Blackberry or Droid: And the CLEAR winner is?
It depends. Sorry, I was hoping there would be a clear cut winner too, but after using and researching both, it really does depend on how you’re using your device and what features are important to you.
My Own Analysis
I’ve used my Blackberry Curve for years and it’s served me well, but I recently switched to a Droid 2 (after an ill fated attempt with the Droid X). I got caught up in the marketing hype, with all of the “apps” available in the marketplace, I was sure the Droid would solve many of my problems. The reality is that the Droid solves some while others are created.
The Blackberry is currently one of the most popular smartphones available and is the most widely used in business as an enterprise level solution, but it has faced increased competition from “consumer” based products like the iPhone and Droid series that have bled over into the enterprise space.
In the words of Carly Simon, “Nobody does it better.” RIM and the Blackberry have been around for more than 10 years and the company built its name on one thing: secure email communication. They are the enterprise (corporate) email solution standard bearer and are entrenched in business. They are easily deployable, reliable and provide a standard and proven platform for integration and use.
While at one time the device was cutting edge and quirky looking (it got its name when someone noted that the tiny buttons on RIM's device looked like a collection of seeds), its design now looks about as fresh as a 1986 Ford Taurus. Fact is, RIM relied on that design and never changed it because they were selling so many devices in the corporate world.
I am a heavy email user, (hundreds per day). My Blackberry was always on and always in use. Battery life was excellent on the workhorse device and a full charge would regularly last more than one day.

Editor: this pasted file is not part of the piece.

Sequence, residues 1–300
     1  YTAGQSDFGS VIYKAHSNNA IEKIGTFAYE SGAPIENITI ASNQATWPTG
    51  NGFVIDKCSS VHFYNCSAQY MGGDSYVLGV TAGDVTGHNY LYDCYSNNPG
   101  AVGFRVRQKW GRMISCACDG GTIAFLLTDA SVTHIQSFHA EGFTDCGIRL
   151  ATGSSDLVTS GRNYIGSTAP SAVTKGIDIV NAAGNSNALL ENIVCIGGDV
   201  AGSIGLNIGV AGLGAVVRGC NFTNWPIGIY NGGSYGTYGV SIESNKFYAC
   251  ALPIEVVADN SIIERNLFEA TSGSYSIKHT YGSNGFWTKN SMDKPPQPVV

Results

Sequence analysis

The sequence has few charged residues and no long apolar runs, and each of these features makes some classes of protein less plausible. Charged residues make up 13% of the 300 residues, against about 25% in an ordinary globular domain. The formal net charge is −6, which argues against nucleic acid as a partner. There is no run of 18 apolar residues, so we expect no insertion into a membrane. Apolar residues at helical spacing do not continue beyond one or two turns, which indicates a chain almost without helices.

While at one time we all were thrilled at the thought of being able to view the tiniest shred of online content from a smartphone, we now demand that the smartphone browsing experience be as rich as a desktop browser. The Blackberry has a long way to go to meet that expectation.
The screen is one of the biggest reasons people start to stray and even consider switching devices. When a friend shows you a video from his Droid, which plays clearly and smoothly, and then you look at the two inch screen on your Blackberry, a serious case of screen envy sets in.
This was one of the biggest and most baffling issues with the Droid 2. The email push feature did not push emails in a timely manner. (It was even worse on the Droid X). After much research, I discovered that a bug exists between the Droid 2 and Exchange 2007. As a result, I had to download an app called TouchDown ($19.99). Email works flawlessly through Touchdown but it still annoys me that I had to download and pay for an app for my not-so-smart smartphone.
Web browsing is one of the main reasons behind the success of the Droid. The Droid provides a rich browsing experience that very closely resembles what you can get and view on a standard PC. Blackberry doesn’t even come close. Clearly there is a huge advantage over the Blackberry in this category.